(Image: © Shutterstock) Huge bacteria-killing viruses lurk in ecosystems around the world from hot springs to freshwater lakes and rivers. Now, a group of researchers has discovered some of these so-called bacteriophages that are so large and so complex that they blur the line between living and nonliving, according to new findings.
Bacteriophages, or "phages" for short, are viruses that specifically infect bacteria . Phages and other viruses are not considered living organisms because they can’t carry out biological processes without the help and cellular machinery of another organism.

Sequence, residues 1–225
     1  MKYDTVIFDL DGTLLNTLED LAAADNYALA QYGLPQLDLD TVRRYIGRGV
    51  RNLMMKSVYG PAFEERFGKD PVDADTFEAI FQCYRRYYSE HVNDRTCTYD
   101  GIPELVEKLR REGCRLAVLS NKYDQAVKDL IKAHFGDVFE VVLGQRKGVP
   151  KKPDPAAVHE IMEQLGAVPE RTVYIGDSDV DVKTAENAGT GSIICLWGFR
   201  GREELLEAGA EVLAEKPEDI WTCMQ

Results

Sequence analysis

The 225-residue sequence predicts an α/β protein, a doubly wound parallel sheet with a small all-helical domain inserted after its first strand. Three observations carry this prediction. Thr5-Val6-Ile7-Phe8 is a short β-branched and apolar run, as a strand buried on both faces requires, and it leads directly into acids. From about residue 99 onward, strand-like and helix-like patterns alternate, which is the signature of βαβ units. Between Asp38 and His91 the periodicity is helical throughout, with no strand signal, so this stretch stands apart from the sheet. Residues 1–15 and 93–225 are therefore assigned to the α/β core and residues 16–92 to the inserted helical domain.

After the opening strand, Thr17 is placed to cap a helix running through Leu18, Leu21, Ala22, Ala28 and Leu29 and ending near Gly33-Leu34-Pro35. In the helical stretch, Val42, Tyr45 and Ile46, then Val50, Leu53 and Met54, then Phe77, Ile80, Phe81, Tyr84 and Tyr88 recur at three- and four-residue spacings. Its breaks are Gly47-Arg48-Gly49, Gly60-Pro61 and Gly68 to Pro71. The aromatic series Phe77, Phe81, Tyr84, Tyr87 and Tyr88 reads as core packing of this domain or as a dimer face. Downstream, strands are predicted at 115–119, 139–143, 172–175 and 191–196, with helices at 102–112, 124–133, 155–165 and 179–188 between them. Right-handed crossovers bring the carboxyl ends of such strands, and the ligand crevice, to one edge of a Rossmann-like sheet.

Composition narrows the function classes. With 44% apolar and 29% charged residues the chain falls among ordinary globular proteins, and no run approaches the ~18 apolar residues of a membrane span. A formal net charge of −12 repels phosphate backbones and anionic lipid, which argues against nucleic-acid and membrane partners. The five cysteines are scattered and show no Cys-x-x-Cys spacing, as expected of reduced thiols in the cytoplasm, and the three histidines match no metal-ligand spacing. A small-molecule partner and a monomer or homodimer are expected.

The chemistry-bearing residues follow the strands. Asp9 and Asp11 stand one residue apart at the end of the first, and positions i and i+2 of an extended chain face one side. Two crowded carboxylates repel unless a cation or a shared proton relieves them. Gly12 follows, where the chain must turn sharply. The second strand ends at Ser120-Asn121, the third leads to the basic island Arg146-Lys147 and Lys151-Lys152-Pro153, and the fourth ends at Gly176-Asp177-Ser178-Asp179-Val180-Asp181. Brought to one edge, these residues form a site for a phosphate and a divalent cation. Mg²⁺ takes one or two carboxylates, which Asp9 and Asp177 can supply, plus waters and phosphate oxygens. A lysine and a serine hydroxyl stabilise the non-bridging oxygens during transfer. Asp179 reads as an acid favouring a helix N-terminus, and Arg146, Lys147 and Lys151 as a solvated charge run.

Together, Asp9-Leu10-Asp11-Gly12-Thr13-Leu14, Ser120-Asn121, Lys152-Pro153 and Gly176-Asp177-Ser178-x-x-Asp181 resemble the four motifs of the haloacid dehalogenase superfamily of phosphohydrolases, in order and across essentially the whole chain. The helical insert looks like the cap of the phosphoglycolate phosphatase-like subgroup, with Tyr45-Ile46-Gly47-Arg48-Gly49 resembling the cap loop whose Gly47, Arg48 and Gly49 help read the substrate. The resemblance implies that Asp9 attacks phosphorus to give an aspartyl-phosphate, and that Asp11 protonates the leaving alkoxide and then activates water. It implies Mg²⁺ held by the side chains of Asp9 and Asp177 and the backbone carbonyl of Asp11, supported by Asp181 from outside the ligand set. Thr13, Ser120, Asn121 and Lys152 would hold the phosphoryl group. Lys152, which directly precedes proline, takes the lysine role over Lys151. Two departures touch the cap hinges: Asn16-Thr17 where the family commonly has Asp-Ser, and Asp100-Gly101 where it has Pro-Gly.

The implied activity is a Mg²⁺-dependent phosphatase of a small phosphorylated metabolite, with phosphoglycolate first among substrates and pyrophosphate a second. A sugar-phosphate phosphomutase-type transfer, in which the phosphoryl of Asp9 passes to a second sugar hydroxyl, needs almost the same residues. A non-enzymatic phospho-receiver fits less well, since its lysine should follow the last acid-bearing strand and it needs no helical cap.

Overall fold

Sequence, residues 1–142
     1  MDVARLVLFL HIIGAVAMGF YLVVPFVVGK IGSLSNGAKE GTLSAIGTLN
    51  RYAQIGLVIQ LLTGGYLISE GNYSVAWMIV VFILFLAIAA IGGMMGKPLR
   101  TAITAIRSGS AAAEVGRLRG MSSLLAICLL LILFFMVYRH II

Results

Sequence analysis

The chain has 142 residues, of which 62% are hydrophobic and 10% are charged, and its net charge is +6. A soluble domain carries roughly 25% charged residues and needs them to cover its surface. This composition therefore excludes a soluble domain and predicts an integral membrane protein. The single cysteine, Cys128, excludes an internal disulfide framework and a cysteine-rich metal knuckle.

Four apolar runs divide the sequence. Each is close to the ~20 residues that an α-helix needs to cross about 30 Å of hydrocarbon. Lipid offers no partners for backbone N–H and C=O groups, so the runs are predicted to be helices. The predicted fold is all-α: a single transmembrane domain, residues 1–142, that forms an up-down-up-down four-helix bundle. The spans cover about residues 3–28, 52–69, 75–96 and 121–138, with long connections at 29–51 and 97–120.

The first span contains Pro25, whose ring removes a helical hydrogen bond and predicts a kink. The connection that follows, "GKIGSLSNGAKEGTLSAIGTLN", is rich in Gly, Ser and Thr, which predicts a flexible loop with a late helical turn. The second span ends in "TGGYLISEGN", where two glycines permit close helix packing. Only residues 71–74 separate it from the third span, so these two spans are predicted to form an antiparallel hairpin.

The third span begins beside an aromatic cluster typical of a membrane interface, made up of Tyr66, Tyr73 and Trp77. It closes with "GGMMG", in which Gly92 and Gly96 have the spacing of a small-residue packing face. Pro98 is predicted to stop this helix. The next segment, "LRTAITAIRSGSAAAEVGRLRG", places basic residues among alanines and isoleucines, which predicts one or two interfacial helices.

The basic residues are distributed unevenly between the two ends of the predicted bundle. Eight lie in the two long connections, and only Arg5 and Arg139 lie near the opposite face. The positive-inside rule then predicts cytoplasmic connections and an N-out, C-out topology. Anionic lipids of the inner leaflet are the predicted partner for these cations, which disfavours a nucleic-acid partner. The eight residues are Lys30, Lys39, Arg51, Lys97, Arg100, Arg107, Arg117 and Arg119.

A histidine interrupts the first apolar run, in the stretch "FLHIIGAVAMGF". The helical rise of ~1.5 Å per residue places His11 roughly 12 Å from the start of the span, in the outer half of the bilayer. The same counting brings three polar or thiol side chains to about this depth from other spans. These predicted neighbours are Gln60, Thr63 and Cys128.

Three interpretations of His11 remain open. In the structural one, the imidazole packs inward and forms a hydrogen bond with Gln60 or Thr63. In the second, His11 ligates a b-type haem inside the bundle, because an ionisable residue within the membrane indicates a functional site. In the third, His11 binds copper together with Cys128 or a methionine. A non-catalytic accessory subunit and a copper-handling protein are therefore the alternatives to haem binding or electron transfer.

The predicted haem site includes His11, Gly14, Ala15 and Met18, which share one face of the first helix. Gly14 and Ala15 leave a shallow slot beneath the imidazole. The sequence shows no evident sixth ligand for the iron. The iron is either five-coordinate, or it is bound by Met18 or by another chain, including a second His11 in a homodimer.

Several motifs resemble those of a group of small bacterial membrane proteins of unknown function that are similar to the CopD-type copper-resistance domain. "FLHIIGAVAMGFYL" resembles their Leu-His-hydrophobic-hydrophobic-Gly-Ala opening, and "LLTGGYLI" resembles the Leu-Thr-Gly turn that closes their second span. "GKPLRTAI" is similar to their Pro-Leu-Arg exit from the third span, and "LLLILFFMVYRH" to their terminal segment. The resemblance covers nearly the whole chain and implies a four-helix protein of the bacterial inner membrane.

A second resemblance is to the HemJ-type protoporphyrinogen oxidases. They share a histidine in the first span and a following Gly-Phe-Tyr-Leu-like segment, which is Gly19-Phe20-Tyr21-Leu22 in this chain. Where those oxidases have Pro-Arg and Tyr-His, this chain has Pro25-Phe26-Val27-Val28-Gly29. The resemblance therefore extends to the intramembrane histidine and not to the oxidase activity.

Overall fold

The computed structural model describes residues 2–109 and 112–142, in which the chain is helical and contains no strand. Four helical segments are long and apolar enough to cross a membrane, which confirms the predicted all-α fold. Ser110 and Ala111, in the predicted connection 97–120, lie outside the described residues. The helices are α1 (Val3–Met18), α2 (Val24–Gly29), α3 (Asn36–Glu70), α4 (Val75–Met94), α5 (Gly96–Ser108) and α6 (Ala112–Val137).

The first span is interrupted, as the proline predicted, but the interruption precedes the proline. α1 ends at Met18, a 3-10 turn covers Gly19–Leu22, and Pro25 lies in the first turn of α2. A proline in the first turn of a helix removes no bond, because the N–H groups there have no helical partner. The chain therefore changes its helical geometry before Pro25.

That doesn’t mean they are innocuous: Phages are major drivers of ecosystem change because they prey on populations of bacteria, alter their metabolism, spread antibiotic resistance and carry compounds that cause disease in animals and humans, according to the researchers in a new study, published Feb. 12 in the journal Nature .
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To learn more about these sneaky invaders, the researchers searched through a DNA database that they created from samples they and their colleagues collected from nearly 30 different environments around the world, ranging from the guts of people and Alaskan moose to a South African bioreactor and a Tibetan hot spring, according to a statement.
From that DNA, they discovered 351 huge phages that had genomes four or more times larger than the average genome of phages. Among those was the largest phage found to date with a genome of 735,000 base pairs — the pairs of nucleotides that make up the rungs […]